By Sean Zucker —
The benefits of regularly running are well documented. As one of the most streamlined forms of cardio exercise, jogging reportedly can boost mood, increase energy, enhance the immune system, improve memory and vastly decrease the risk of heart disease, according to WebMD.
A recent study, however, takes a dim view of these popular health claims, especially among men. Jogging may help keep women young, but this report argues it may have quite the opposite effect on men.
New research presented at the British Cardiovascular Society (BCS) conference in Manchester suggests that long-distance running can result in men’s vascular age appearing nearly a decade older than their chronological age, The Telegraph reports. However, the same data found female runners’ vascular age to be roughly six years younger than their chronological age.
For the uninformed, vascular age is a metric representing the overall health of arteries–both large and small. Having a vascular age above someone’s actual age is a sign that danger may be ahead in terms of having a higher risk for heart attacks and strokes, states The Telegraph.
British Heart Foundation and Cardiac Risk in the Young funded the study on running, which is not peer-reviewed. It focused on more than 300 regular athletes aged 40 and above. To determine vascular age, everyone underwent MRI heart scans to determine the stiffness of key arteries—particularly the aorta. It is the largest human artery and delivers oxygen-rich blood away from the heart to the rest of the body.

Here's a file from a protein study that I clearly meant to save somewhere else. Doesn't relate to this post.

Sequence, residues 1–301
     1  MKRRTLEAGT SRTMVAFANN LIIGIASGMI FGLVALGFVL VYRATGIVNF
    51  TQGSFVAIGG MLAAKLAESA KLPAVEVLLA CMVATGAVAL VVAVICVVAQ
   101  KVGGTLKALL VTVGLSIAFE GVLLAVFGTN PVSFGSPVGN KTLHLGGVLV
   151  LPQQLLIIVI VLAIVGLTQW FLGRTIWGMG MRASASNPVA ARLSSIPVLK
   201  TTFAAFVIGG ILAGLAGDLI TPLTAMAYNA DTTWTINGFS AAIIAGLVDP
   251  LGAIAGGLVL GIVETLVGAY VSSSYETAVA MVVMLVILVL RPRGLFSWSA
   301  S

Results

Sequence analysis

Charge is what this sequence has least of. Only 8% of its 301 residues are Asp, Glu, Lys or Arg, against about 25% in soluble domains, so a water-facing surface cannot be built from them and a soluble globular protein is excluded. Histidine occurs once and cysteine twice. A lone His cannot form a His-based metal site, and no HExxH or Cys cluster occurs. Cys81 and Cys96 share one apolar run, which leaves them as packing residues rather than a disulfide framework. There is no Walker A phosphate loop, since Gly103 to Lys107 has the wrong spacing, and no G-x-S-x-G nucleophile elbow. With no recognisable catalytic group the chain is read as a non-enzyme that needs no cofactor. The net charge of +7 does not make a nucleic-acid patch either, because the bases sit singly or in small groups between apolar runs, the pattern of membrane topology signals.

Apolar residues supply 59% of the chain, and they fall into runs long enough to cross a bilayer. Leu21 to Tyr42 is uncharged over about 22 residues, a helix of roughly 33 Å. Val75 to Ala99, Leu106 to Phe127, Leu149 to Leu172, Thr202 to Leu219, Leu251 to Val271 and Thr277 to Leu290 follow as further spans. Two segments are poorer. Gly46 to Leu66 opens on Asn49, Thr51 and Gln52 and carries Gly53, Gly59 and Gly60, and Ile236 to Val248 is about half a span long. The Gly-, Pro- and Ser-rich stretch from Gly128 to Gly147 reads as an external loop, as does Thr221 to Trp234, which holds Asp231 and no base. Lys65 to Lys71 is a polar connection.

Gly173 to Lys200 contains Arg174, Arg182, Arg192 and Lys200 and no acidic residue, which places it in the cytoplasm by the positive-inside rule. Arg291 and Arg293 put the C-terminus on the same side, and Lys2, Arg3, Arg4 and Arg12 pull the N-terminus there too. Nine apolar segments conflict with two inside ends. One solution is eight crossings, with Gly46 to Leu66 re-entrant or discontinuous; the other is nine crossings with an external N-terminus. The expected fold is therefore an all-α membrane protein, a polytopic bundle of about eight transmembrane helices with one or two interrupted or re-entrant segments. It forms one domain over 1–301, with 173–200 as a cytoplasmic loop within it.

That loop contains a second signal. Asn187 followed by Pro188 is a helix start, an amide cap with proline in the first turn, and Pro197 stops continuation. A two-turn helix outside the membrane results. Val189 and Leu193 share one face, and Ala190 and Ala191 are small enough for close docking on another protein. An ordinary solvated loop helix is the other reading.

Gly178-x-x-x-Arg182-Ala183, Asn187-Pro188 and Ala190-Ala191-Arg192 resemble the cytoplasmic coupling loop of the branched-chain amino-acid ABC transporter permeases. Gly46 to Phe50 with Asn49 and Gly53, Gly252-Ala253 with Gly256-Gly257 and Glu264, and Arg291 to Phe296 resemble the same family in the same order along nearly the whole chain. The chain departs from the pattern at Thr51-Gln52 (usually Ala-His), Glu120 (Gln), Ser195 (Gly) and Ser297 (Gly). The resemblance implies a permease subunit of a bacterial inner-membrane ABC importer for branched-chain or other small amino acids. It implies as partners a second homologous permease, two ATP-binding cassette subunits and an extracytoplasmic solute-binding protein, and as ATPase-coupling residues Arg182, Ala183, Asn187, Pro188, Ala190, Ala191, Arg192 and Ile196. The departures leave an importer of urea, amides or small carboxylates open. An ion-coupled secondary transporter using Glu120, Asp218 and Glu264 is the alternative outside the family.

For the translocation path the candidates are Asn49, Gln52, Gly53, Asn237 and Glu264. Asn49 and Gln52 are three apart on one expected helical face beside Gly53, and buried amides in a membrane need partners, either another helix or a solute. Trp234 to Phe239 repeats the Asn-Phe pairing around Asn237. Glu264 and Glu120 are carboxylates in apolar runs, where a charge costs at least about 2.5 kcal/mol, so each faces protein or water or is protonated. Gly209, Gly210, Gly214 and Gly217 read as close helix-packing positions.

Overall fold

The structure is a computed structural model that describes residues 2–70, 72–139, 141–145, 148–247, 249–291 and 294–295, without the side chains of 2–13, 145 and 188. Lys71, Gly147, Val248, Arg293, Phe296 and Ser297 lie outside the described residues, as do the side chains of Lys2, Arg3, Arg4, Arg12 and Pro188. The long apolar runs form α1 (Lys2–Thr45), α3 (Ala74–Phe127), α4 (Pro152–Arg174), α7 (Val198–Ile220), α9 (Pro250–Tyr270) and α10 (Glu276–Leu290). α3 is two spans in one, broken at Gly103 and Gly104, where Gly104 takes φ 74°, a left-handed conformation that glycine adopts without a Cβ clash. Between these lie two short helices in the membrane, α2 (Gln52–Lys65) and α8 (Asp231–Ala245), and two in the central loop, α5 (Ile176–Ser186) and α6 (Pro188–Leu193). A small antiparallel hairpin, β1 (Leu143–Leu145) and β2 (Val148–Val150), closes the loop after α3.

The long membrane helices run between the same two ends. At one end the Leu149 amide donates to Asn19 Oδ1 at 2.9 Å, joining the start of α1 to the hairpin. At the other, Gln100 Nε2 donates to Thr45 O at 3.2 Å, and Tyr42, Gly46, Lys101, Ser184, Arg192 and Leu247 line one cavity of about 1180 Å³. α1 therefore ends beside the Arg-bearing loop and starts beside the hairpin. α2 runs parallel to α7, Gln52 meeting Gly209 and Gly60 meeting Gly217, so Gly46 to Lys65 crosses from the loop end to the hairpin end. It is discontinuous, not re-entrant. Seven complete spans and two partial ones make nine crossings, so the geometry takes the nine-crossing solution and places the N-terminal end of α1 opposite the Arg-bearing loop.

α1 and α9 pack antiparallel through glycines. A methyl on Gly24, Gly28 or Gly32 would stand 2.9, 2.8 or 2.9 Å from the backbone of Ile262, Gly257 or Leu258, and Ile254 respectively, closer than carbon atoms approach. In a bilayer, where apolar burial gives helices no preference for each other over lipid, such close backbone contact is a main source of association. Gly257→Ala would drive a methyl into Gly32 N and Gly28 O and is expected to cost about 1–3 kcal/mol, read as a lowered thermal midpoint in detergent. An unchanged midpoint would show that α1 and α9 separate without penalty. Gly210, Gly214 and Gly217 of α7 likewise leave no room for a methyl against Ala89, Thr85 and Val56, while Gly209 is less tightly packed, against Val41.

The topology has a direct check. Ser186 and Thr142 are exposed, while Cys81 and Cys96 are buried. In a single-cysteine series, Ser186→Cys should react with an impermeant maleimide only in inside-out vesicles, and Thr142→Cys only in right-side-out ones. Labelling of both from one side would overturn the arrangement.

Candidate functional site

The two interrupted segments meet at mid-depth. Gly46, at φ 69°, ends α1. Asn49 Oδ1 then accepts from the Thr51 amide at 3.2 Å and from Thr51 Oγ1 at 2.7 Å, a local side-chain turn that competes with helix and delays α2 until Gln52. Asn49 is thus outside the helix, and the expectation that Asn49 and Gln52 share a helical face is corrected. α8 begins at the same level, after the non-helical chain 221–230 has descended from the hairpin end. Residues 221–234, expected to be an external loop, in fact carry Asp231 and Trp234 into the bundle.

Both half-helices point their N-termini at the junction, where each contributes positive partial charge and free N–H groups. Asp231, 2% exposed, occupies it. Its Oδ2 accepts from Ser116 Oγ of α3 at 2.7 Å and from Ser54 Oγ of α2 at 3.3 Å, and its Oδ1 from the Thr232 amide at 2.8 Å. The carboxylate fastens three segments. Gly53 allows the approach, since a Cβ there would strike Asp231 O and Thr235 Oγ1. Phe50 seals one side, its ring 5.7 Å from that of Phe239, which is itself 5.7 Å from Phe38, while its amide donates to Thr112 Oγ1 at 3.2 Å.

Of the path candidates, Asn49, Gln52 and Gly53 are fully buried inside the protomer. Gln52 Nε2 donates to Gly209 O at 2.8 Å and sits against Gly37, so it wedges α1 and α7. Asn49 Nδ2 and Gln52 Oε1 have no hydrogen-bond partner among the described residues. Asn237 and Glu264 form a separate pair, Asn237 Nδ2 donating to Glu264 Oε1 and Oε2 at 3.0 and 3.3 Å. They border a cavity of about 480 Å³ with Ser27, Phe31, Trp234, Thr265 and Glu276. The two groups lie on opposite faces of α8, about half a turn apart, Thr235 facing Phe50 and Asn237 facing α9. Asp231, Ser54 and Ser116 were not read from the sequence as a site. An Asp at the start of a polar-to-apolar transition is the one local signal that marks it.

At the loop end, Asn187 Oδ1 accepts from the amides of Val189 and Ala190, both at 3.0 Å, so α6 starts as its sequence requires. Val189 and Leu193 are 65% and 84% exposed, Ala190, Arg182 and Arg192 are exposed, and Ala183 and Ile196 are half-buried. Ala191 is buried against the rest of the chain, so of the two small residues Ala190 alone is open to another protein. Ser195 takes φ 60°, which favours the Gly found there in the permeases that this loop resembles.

The researchers found that the men studied had aortas that were not only dangerously stiff; but, on average, 9.6 years older than their chronological age. The women in the study did not register abnormally stiff aortas. The cause for the disparity between men and women is not yet clear.
“For athletes who train in endurance exercise, their hearts must work harder to pump blood around the body—and research has shown that in some cases, this can cause changes to the heart,” Professor James Leiper, the foundation’s associate medical director, explained. To understand why the impact is greater for men than women, there will need to be more research.
Despite these concerns over running, Leiper was quick to underscore the benefits of exercise.
“It is important to note that exercise is proven to reduce the risk of heart and circulatory diseases, helping to control weight and lower both blood pressure and cholesterol,” he stressed.